Heat Exchanger Types and Where to Use Them: Part 2 – Plate Style

Norm Hall
June 27, 2022
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Plate heat exchangersPlate heat exchangers have been around for over one hundred years but only made their debut in HVAC systems in the last 50 years. They are used in liquid to liquid and refrigeration applications. There are a variety of assorted styles used in building heating and cooling systems. Today, the R. L. Deppmann Monday Morning Minutes looks at gasketed and brazed plate heat exchangers.

Gasketed Plate Heat Exchangers

Gasketed Plate Heat Exchangers

The basic plate heat exchanger consists of a series of thin, corrugated plates with gaskets that are compressed together and bolted together within a frame to create an arrangement of flow channels. The fluids travel through small channels stamped onto thin plates. For best heat transfer, the fluids normally travel in opposite directions through “V” shaped channels. 

basic plate heat exchanger 

Four holes punched in the plate corners form a continuous tunnel which acts as a distribution manifold for the inlet and outlet of each fluid. Each plate is fitted with a gasket. The gasket either confines the fluid to the port or directs the fluid to the heat transfer area of the plate. In a single wall design, the two fluids are separated by these gaskets. 

The gaskets allow the plates to be replaceable. The gaskets allow the plates to be cleaned. 

Great Heat Transfer at a Price

heat transfer

Why are plate style heat exchangers used in HVAC and plumbing liquid to liquid applications? Let me digress into a short heat transfer class. There are three outstanding advantages of this style of exchanger over the shell and tube design introduced last week in part 1. 

Increased Velocity: The first advantage is superb heat transfer due to high fluid velocity. The “U” values of a heat exchanger for any fluid are, primarily, based on velocity. The more velocity, the more turbulence, and the higher the heat transfer rates. The extremely small passageways in a plate create a heat transfer rate of two to four times that of a shell and tube.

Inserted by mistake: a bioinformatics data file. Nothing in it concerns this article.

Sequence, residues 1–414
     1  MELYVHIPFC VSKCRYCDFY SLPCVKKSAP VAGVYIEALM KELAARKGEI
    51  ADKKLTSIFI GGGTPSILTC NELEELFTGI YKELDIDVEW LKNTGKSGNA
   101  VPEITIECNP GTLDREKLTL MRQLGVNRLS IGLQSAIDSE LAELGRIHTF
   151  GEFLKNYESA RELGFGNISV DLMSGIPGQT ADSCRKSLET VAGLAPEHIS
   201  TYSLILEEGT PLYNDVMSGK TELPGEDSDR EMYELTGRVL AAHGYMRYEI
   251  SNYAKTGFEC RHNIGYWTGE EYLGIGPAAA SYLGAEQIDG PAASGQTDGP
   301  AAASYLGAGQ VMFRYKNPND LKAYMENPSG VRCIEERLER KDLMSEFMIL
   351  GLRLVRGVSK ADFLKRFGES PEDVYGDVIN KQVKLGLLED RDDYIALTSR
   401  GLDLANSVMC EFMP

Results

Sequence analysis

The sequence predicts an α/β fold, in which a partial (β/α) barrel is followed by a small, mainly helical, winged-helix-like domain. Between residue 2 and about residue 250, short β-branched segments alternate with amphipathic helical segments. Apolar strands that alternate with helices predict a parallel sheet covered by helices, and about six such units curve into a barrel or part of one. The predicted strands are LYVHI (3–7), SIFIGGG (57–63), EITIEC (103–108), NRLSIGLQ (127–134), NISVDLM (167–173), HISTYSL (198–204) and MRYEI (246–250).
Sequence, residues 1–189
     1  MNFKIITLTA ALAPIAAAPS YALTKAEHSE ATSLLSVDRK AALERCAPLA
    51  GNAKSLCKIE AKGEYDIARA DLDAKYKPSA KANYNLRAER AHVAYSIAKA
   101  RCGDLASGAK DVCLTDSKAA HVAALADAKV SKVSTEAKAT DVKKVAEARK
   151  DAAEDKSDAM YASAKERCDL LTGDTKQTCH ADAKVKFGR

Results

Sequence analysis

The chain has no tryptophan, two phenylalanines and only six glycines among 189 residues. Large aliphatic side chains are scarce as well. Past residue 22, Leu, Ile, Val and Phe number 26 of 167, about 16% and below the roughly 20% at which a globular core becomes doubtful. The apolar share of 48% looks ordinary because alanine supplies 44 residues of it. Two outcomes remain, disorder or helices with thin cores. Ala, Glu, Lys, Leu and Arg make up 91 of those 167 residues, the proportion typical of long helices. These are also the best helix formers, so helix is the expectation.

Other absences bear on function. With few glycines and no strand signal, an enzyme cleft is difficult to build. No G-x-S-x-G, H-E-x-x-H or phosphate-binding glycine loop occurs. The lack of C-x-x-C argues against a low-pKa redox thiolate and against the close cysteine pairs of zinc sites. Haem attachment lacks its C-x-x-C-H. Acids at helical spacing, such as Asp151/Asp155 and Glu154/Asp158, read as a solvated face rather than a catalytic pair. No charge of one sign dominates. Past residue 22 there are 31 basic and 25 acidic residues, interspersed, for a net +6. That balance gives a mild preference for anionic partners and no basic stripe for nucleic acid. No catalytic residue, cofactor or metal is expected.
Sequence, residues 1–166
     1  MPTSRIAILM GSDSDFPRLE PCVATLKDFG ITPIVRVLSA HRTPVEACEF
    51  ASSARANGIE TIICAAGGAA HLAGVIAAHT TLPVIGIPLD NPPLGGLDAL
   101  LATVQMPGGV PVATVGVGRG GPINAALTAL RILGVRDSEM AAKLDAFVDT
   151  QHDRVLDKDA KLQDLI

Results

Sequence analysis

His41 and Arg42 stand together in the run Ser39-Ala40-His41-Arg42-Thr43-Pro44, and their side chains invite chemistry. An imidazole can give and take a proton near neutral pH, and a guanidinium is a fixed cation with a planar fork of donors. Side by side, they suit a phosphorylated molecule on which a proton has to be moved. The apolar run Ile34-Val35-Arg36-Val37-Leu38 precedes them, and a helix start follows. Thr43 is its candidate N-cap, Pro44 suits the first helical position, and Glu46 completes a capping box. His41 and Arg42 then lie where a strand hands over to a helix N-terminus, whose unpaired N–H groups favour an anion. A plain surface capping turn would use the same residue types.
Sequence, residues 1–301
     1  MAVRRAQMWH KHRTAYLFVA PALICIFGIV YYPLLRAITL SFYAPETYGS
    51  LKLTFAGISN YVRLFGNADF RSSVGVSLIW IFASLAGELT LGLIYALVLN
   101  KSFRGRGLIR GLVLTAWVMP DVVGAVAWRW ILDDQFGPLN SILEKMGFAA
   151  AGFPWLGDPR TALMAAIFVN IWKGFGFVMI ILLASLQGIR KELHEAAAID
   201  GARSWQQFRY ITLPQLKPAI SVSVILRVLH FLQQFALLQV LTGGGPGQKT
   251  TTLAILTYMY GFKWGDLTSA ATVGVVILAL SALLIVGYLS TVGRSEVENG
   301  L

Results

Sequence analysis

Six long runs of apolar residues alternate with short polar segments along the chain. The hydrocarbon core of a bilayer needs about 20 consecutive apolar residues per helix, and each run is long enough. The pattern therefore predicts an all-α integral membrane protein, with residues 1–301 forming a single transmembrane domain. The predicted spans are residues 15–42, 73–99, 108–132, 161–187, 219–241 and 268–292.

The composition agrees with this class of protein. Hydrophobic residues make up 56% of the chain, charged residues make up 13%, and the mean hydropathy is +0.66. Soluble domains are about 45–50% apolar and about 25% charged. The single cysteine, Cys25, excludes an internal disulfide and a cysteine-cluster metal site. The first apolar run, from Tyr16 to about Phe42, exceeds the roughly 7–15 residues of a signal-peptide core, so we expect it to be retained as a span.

Increased surface area: The flow passageways through a plate are smaller. There is less water in the middle of the passage or tube and more volume touching the heat transfer surfaces. In a shell and tube exchanger the length would get exceptionally large to increase the surface area. In a plate, the water moves up and down each plate, one after another. There is more “length” by moving up and down from one plate to another. 

Great cross temperature capability: The plate exchanger is normally a single pass counterflow device. This means one fluid is always flowing in the opposite direction of the other. This allows the outlet temperature on one side to approach the inlet side on the other. Think of free cooling applications where tower water 

The price you pay: The price for this additional heat transfer is much higher pressure drops and high concern for the quality of the water. 

Brazed Plate Heat Exchangers

brazed heat exchangers

Brazed plate heat exchangers are a series of plates that are brazed together and cannot be separated. The gaskets in the plate exchangers mentioned above provide many advantages. The gaskets do, at times, provide a disadvantage. Brazed plate exchangers help solve two key issues.

The gasketing process adds cost. Brazed plate exchangers are less expensive. They can also be built faster. These advantages allow the brazed plate technology to be used in smaller loads and residential loads. 

Another advantage of brazed plates is the danger caused by a gasket leak. The fluids may mix at that point. The brazed plate avoids this issue since there is no gasket. This opens the opportunity to use the plates in other markets. An example is refrigerant evaporators. 

Plate Exchanger Application

The R. L. Deppmann Monday Morning Minutes have much more information about plate heat exchangers. Here are a few links you may wish to review: 

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